“We’ve made some pretty significant investments around different parts of crypto. For me personally, I am interested in the intersection of commerce and crypto, and that's manifested around investments in NFTs and NFT infrastructure, which I do think is maybe misunderstood or oversimplified into high-price JPEGs, which there is some of that, and I think that's been a tip of the iceberg on how people could understand some of what types of commerce NFTs enable. I'm personally less interested in, when you talk about brands getting involved in this stuff, there's one angle which is like, ‘Hey, you could sell new digital SKUs alongside Gucci selling digital purses, limited edition bags alongside your physical bags like that.’ That's interesting to some people. I'm not personally as interested in that angle. What I do think is becoming more interesting is, and actually, I would put a plugin for Alex Danco at Shopify is doing a lot of this stuff there. He's talked a bit about token-gated commerce recently, and about how if you have wallet-aware commerce, if you actually as a brand, if you have a view into what is in a customer's wallet, crypto wallet, MetaMask, whatever it might be, Shopify native wallet. Then you actually can provide a different customer experience to that person based on what they're holding.”
14:46 – Use NFTs for subscription loyalty
NFTs can also be used as a new kind of subscription model, where the owner of a particular NFT has access to certain benefits or perks.
“There’s another, and this ties into the topic here, which is subscription loyalty, things like that. I am seeing a lot of, it's starting with artists and musicians using NFTs as essentially membership passes and different ways for artists to actually assess who are your super fans and providing differentiated experiences to people based on different NFTs that they hold. And for a consumer, it is liquid. You could go and sell that if you're not getting the, if you feel like the value’s appreciated or if you're not getting what you want out of that anymore. But I do think that's another angle that brands are starting to think about, which is how could I both serve my super fans and build a more loyal community using this? And I think that's more interesting personally than having other digital assets like SKUs live alongside my physical catalog.”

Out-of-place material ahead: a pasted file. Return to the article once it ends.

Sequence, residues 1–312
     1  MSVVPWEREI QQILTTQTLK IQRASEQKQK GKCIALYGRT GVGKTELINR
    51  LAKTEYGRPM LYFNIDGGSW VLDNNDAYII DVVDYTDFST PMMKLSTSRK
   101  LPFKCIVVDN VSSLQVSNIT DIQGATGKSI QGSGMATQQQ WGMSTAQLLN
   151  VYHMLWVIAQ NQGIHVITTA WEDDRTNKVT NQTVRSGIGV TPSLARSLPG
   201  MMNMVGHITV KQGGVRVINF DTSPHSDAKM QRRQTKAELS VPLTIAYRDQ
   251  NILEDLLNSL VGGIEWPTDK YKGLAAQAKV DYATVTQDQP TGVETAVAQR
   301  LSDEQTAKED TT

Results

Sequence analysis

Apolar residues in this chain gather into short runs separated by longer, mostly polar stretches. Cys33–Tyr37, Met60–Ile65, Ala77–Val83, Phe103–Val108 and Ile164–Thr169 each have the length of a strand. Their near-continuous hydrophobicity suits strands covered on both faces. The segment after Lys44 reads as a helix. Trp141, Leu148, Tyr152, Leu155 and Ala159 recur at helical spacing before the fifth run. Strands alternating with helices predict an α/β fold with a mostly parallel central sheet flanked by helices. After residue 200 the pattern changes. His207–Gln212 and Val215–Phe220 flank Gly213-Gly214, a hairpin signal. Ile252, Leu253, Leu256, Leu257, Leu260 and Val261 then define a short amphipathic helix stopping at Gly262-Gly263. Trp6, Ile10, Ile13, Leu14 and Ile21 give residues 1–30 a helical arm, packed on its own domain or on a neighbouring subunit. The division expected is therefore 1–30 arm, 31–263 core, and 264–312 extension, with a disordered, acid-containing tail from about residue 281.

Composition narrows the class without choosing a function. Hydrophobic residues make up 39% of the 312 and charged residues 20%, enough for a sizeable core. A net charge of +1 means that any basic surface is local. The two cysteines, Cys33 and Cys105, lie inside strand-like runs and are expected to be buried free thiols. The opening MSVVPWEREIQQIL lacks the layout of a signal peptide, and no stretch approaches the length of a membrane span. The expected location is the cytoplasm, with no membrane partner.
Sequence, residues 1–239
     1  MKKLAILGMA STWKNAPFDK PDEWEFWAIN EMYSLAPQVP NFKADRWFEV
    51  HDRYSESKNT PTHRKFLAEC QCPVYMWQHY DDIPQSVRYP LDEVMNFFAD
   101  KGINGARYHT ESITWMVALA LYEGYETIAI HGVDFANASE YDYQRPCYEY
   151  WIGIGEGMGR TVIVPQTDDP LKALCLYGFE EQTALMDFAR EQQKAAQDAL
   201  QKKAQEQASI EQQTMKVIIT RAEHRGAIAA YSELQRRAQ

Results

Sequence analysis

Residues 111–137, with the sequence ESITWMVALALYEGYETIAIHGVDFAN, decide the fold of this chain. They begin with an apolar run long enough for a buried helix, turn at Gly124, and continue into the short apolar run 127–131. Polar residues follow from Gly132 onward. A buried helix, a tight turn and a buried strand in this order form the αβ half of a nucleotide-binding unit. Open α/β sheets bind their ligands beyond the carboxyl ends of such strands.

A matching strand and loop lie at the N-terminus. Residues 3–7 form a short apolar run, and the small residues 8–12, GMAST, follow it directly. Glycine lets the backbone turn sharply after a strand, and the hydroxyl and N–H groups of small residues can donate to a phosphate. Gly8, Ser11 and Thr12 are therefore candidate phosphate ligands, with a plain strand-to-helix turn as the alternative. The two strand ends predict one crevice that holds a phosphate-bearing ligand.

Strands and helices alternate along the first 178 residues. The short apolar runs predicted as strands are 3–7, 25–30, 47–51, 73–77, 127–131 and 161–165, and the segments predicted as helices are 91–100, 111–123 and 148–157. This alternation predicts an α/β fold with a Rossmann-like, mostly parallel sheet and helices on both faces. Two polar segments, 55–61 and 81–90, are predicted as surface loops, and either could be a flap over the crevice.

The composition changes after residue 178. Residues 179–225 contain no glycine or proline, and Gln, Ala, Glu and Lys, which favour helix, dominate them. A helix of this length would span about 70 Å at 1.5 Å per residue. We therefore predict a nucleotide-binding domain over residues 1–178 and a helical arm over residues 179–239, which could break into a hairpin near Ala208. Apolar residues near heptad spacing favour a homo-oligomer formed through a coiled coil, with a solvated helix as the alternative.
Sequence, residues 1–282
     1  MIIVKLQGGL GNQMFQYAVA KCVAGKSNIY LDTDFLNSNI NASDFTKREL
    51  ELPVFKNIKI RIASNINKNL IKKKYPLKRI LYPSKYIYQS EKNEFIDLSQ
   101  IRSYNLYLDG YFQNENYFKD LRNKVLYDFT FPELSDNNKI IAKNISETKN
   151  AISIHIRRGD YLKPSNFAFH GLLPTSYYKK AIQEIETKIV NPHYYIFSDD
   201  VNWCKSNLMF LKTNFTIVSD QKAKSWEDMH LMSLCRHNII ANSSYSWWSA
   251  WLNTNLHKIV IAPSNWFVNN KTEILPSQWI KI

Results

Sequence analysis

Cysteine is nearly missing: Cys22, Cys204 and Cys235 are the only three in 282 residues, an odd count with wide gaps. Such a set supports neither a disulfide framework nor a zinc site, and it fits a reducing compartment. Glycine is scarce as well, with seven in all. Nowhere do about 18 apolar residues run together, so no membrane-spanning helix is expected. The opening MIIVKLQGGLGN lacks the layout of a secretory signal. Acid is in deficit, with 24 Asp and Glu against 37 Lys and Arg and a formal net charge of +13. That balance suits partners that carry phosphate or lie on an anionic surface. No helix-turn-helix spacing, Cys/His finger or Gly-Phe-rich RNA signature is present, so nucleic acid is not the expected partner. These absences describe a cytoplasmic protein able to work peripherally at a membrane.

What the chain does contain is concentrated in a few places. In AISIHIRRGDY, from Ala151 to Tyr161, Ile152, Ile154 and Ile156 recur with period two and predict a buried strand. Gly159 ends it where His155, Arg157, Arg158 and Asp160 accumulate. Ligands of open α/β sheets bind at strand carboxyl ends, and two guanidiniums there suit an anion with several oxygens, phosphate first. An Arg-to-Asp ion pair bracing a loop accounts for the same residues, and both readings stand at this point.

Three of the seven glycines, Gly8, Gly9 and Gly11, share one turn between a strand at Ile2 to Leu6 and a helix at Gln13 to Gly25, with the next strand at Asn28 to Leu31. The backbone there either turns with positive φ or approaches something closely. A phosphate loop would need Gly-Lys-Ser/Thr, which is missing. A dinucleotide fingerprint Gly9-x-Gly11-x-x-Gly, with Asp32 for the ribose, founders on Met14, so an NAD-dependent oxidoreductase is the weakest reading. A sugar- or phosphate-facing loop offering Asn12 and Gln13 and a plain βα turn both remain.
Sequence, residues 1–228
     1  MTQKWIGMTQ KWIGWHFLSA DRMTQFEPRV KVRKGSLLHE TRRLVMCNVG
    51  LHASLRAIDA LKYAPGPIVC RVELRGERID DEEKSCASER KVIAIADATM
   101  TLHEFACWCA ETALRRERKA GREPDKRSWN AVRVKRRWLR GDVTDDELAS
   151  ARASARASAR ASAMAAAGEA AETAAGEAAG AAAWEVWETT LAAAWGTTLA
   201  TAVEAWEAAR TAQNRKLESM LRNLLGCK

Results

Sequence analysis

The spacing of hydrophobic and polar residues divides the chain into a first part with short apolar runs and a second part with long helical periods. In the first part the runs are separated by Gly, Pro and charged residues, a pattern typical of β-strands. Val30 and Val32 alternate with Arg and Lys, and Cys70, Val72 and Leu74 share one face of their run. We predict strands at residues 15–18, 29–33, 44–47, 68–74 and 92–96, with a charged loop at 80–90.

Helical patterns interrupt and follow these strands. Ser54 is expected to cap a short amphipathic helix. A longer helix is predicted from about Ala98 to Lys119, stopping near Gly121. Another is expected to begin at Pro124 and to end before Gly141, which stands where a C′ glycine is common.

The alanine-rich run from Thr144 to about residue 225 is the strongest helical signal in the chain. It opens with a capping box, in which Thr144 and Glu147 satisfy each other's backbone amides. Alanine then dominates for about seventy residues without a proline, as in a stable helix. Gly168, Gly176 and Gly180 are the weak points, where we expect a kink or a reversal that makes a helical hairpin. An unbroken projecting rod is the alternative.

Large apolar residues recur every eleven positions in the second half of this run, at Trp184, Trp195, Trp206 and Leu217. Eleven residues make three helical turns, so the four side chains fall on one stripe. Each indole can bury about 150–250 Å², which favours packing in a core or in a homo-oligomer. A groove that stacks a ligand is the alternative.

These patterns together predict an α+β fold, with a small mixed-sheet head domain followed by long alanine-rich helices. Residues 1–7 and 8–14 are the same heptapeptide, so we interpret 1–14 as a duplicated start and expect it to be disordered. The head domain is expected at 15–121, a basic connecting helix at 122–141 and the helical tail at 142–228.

18:23 – Don’t force-feed subscriptions
Subscriptions are a good model for some types of businesses, but they don’t work for every product. If your product isn't built for subscriptions, don’t force that on your customer base.
“We got more sophisticated with this over time to opt people into the cadence that we thought they wanted because the best way to actually lose a customer is to actually send them stuff too fast so they burn out. Even though that might optimize for one year LTV, but probably not five years, which is what we wanted to think longer term. And that was a key part of our messaging, when we're going public and all that. And I think that carries over to what a lot of Shopify brands are thinking about nowadays, which is, it is tempting to want to opt people into subscription for categories that really might not need one. You want to provide customers with optionality, and you want to reduce friction to people getting the product when they have an intent to, but you also don't want to force-feed them. And I think too much of what I've seen falls into the latter camp because it's tempting to see that near-term revenue spike, and I think it actually is a very shortsighted approach.”
22:38 – Increase your keep rate
Don’t just focus on short-term sales. Instead, try to increase your customers’ keep rate, which is the number of things per order that customers decide to keep.
“I think what's key is that you actually have enough margin so that you're not forcing yourself to do the short-term stuff. Because the reality is there's existential risk to you not being able to get positive economics in a matter of months. That can be problematic, and you run the risk of sucking up a bunch of venture funding to get something that's really never going to get to a real business. So there's first-order profitability. There's different ways of looking at this, but we basically knew for us the key variable was keep rate. If we sent someone five items, there is a number which you need to keep for that order to be profitable. And we built a bunch of, I mean, that was our core product. It was the styling algorithm to actually make sure that people were happier with what they got and keep rate was really the main metric we were trying to optimize. If you have a keep rate of one on multiple orders, that's not going to close the gap. So that was the nuance with our business.”
24:06 – Build a subscription experience
If you want to introduce a subscription model to your audience, make it one that works for them and is a true buying experience.
“I mentioned trade coffee, but actually, I'm friends with the team at Fellow Coffee and they actually make great coffee gear, which you wouldn't need to subscribe to, but you should own this stuff. But I think they, as a subscription, they've now built an experience where they source different high-end beans, and it's different than trade where you get a new roaster every week. With them, I will get a text from them. And obviously, I'm a big fan of SMS, but they have my credit card stored. And I could just respond with if I want 1, 2, 3, 4, or not respond at all, I won't get any bags, but whenever I get a text from them, it's basically a semi-subscription where I'm subscribed to the text, but I don't have to buy anything. And I think they built that experience natively, but that's cool.”